The Center for the Integration of Medicine and Innovative Technology (CIMIT, 2009) was founded in 1998 to improve patient care by bringing scientists, engineers, and clinicians together to catalyze the development of innovative technology. It is a consortium of teaching hospitals, engineering schools, and science laboratories in the greater Boston area. CIMIT supports the translational research of multidisciplinary teams that are working with medical devices and clinical technology system applications and that have the goal of solving medical problems through innovative technology. It also provides seed funding through a peer-review process and project facilitation.
CIMIT (2009) exists as an infrastructure to enable inter-institutional collaboration. CIMIT attracts world-class clinicians, scientists, and engineers who work together with industry and governmental agencies to accelerate the clinical impact of innovative technologies. Research teams can draw on the expertise of professionals within CIMIT who are skilled in all phases of the development process—from innovation, through demonstration, commercialization, and adoption into patient care.
The Clinical Systems Innovation program is CIMIT’s (2009) on-the-ground initiative to improve and advance systems that support clinical care in real-world healthcare settings. Initiatives span the continuum of care from the emergency department and operating room to the intensive care units, general units, and ambulatory care areas all the way to home settings and hospice settings. Living “learning laboratories” are created in these environments to innovate in real-world settings.
Innovation Community: The Innovation Learning Network
The Innovation Learning Network brings together innovative healthcare organizations across the country to share the joys and pains of innovation. The Innovation Learning Network (ILN) (n.d) brings together innovative healthcare organizations across the country to share the joys and pains of innovation. Its mission is to foster discussion on the methods of “design thinking,” ignite the transfer of ideas, and provide opportunities for inter-organizational collaboration. Started in 2006 by a grant through the Voluntary Hospitals of America Foundation to Kaiser Permanente (KP), it has since evolved into a membership and fee-based organization that is administered by KP.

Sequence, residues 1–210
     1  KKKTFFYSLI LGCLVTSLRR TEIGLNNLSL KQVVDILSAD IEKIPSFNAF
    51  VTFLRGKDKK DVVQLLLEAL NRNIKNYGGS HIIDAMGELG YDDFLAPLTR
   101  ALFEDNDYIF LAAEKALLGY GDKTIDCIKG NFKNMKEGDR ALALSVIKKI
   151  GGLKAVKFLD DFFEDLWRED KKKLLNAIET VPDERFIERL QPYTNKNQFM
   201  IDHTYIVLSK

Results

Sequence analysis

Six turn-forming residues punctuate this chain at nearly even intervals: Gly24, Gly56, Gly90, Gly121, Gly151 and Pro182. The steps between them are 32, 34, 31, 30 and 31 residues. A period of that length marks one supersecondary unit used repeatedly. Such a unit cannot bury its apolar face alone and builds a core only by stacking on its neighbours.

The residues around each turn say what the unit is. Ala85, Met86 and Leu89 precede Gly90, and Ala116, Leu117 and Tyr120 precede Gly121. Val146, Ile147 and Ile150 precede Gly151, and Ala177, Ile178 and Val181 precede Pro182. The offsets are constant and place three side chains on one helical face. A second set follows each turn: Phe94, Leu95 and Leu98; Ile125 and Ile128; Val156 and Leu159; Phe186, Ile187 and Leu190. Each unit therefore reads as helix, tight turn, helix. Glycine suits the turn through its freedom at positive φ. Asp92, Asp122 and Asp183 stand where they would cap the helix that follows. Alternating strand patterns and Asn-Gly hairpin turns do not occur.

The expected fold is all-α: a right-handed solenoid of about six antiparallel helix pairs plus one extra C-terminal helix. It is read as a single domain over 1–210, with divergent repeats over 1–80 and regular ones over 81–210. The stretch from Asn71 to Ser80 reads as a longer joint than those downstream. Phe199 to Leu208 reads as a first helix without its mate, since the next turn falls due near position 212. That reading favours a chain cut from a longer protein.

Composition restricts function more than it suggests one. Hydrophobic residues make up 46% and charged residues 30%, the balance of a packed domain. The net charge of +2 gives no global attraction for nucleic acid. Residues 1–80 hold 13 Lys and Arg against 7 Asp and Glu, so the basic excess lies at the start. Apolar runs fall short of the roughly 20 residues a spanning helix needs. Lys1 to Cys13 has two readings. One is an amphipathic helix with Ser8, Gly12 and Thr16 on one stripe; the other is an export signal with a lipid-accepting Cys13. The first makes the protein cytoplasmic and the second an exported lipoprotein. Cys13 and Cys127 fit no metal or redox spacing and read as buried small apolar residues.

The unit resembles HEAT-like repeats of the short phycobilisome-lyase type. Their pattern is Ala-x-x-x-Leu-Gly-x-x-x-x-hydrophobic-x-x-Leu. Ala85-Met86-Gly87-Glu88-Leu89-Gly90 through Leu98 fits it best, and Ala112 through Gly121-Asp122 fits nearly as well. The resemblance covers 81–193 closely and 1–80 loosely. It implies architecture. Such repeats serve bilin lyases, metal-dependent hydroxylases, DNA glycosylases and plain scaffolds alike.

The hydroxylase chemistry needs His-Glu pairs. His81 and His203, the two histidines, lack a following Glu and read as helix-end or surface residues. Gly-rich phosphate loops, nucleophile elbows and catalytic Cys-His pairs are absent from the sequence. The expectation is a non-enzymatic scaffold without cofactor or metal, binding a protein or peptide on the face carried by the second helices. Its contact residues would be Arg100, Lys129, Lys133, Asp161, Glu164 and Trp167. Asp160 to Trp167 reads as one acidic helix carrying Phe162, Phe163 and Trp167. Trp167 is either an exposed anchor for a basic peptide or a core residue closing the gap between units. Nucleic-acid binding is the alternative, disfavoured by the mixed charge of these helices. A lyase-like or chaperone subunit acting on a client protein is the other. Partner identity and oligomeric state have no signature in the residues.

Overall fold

Since its inception, it has helped its member organizations build skills in design thinking, graphic facilitation, ethnography, prototyping, group consulting, smart networking, and open-space facilitation. Together organizations have applied these techniques to explore innovations, such as virtual simulation, personal health records, home-as-hub, and medication administration. Box 4 describes the ILN’s (n.d.) role in Medication Administration.
Table 4: Kaiser Permanente’s “KP MedRite”
Medication administration errors in United States hospitals account for 7,000 deaths per year and hundreds of thousands cases of harm (Institute of Medicine, 2000). The organizations in the Innovation Learning Network (ILN) (n.d.) decided to tackle this issue. They set up several webinars in which each organization could present the best and worst of medication administration. This created an accelerated learning environment that enabled innovators to ramp up their knowledge.
One group, Kaiser Permanente’s Innovation Consultancy (IC), concurrently used the IDEO process of innovation to kick start its innovation efforts. Working with nurse teams from West Los Angeles and Hayward, California, the observation phase of the project revealed that nurses were interrupted over and over again while trying to administer medications. There was an average of one interrupt for every medication pass. One nurse was interrupted 17 times during one medication pass! (Kaiser Permanente, n.d.).
The IC used different creativity techniques to unleash the innovative skills of the nurses. They used analogous research to search for new ideas in unlikely places, such as an airline pilot school, a Lexus dealership, and a Safeway grocery store. The IC also used different provocation techniques during brainstorming to approach the challenge from unique angles, asking, for example, “How might we make medication administration a holistic and sacred experience?” and “How might we eliminate the need for gathering supplies?”